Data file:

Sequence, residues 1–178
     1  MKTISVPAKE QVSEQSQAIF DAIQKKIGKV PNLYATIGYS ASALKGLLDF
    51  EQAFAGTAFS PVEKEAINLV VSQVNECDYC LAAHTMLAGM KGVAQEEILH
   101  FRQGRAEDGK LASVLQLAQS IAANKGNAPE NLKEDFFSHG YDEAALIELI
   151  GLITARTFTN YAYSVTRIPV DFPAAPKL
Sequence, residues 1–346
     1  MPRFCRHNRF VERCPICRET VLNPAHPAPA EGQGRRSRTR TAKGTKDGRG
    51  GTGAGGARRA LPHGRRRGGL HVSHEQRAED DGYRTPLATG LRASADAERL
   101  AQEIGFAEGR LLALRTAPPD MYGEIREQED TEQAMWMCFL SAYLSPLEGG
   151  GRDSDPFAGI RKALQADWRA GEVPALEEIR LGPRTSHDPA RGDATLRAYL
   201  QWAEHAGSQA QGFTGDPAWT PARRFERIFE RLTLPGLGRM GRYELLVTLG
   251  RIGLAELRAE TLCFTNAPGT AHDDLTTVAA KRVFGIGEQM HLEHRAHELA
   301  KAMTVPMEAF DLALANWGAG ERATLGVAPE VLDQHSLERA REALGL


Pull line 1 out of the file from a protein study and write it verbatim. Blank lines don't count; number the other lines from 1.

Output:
Sequence, residues 1–178